Tech stocks are back, driven by AI craze, slowing rate hikes

Jen-Hsun Huang, president and chief executive officer of Nvidia Corp., speaks during the company’s event at the Mobile World Congress Americas in Los Angeles, California, U.S., Monday, Oct. 21, 2019.

Patrick T. Fallon | Bloomberg | Getty Images

Forget about debt ceiling. Tech investors are in buy mode.

The Nasdaq The composite closed for its fifth straight weekly gain on Friday, jumping 2.5% over the past five days, and is now up 24% this year, well ahead of the other major U.S. indexes. The S&P 500 is up 9.5% for the year and the Dow Jones Industrial Average is down slightly.

The excitement around the chipmaker Nvidia’s blow out results report and its leading position in artificial intelligence technology drove this week’s rally, but investors also snapped up shares of Microsoft, Meta and Alphabeteach of which has its own AI story to tell.

And with optimism is brewing that lawmakers are close to an agreement to raise the debt ceiling, and that the Federal Reserve can slow down its rate of interest rate increases is starting to look like this year’s stock market less like 2022 and more like the tech-happy decade that preceded it.

“Being concentrated in these mega-cap tech stocks has been where to be in this market,” Victoria Greene, chief investment officer of G Squared Private Wealth, said in an interview on CNBC’s “Worldwide Exchange” Friday morning . “You can’t deny the potential of AI, you can’t deny the ability to profit that these companies have.”

Greene: The tech rally is likely to continue due to earnings power and the potential of AI

To start the year, the main theme was in technology layoffs and cost reductions. Many of the largest companies in the industry, including Meta, Alphabet, Amazon and Microsoft, eliminated thousands of jobs after a dismal 2022 for revenue growth and stock prices. In performance reports they emphasized efficiency and their ability to “do more with less,” a theme that resonates with the Wall Street crowd.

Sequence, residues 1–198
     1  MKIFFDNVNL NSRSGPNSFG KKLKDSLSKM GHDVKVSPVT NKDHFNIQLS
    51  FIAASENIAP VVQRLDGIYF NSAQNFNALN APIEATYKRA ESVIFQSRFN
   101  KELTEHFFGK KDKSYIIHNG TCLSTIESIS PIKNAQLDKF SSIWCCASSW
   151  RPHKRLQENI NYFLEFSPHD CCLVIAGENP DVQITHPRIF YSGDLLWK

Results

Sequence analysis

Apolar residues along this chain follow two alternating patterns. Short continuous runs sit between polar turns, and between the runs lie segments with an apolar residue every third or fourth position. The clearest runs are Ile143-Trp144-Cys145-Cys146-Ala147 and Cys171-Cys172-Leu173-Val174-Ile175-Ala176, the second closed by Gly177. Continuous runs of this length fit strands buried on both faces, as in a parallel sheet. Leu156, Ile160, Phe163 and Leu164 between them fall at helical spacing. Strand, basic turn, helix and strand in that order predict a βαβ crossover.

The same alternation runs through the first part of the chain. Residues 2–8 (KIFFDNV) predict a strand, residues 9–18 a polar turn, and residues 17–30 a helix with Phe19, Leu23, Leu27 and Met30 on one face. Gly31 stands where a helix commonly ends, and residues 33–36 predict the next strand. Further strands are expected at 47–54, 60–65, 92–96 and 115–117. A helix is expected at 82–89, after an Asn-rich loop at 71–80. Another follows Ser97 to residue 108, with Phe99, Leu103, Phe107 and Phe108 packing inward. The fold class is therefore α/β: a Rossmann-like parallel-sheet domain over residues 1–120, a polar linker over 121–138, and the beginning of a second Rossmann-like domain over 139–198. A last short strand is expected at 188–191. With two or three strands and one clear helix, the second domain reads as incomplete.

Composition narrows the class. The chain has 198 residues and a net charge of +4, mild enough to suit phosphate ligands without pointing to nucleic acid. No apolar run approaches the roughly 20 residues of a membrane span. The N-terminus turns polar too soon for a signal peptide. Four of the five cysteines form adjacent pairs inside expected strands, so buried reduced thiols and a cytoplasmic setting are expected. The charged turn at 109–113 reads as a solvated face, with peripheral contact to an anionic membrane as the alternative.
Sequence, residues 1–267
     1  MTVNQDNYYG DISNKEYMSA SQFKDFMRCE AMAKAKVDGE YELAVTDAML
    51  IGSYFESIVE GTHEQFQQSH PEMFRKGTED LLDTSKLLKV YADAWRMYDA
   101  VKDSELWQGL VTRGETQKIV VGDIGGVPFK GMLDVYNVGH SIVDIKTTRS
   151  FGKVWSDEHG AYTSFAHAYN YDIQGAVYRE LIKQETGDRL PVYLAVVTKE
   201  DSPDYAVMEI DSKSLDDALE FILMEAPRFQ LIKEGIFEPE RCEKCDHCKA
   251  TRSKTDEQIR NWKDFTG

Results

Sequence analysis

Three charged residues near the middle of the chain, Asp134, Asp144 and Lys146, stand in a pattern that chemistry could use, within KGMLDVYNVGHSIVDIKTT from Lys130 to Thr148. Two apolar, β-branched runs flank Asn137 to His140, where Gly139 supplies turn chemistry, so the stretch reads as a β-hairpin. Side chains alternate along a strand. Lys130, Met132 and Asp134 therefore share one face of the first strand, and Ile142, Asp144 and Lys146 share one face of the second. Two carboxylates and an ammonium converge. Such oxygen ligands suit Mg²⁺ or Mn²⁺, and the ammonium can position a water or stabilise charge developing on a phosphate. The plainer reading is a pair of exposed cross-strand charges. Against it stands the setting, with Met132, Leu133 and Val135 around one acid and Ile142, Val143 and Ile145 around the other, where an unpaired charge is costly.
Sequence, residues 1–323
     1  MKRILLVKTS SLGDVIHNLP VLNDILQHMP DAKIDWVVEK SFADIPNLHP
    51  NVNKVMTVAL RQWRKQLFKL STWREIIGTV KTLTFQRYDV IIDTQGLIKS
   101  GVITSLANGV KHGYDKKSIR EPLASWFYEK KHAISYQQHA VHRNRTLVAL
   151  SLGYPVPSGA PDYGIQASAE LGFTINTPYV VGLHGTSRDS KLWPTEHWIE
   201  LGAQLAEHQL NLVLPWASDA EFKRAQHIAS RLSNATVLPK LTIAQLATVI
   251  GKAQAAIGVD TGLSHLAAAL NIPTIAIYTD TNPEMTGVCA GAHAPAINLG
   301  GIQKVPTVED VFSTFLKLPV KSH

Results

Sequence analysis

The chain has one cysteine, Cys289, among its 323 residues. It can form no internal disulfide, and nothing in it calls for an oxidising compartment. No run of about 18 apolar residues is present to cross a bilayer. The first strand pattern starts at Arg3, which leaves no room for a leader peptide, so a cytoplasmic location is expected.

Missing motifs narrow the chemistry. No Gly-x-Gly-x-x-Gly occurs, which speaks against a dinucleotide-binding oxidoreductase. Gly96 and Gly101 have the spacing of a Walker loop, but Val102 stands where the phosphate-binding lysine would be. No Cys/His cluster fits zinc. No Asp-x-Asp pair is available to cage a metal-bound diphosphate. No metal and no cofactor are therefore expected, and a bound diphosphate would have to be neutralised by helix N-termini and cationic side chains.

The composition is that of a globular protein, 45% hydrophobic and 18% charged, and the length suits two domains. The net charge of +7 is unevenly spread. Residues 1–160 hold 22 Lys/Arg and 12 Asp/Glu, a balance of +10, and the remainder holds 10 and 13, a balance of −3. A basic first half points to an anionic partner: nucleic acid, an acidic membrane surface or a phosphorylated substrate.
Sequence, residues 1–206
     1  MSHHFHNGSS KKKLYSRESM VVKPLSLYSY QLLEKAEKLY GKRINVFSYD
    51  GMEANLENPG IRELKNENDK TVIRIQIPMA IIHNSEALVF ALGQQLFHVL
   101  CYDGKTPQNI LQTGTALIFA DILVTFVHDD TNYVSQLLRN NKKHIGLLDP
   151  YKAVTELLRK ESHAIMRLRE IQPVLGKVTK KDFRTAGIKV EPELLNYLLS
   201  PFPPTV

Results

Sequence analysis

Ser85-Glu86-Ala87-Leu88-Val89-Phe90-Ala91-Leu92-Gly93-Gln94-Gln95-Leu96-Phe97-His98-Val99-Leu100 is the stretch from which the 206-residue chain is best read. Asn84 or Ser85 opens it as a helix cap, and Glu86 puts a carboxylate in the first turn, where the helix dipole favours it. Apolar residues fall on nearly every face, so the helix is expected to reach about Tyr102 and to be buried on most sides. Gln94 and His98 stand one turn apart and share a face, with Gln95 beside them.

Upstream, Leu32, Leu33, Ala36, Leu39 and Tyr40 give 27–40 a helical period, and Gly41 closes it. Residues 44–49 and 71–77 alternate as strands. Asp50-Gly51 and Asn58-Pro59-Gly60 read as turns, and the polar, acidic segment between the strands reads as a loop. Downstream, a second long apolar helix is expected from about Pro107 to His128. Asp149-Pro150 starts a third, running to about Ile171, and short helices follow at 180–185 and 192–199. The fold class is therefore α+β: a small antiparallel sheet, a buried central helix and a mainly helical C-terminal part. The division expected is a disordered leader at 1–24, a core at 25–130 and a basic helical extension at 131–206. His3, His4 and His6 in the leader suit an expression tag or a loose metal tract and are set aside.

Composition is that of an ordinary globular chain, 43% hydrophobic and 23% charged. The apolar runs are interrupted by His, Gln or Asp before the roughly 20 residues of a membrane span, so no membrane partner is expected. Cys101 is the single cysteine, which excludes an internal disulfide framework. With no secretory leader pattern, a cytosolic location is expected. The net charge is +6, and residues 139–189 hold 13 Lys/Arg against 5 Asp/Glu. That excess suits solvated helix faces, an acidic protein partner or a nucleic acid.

But investors have shifted their focus to AI now that companies are showing off real-world applications of the long-hyped technology. OpenAI has exploded after releasing chatbot ChatGPT last year, and its biggest investor, Microsoft, is embedding the core technology in as many products as possible.

Google, meanwhile, is presenting its rival AI model on every opportunityand Meta CEO Mark Zuckerberg would much rather tell the shareholders about his company’s AI progress than the company’s money bleeding metaverse endeavors.

Enter Nvidia.

The chipmaker, best known for its graphics processing units (GPUs) that power high-end video games, is riding the AI ​​wave. The warehouse up 25% this week to a record, pushing the company’s market capitalization to nearly $1 trillion after first-quarter earnings beat estimates.

Nvidia stock is now up 167% this year, topping all companies in the S&P 500. The next three top gainers in the index are also tech companies: Meta, advanced micro devices and Salesforce.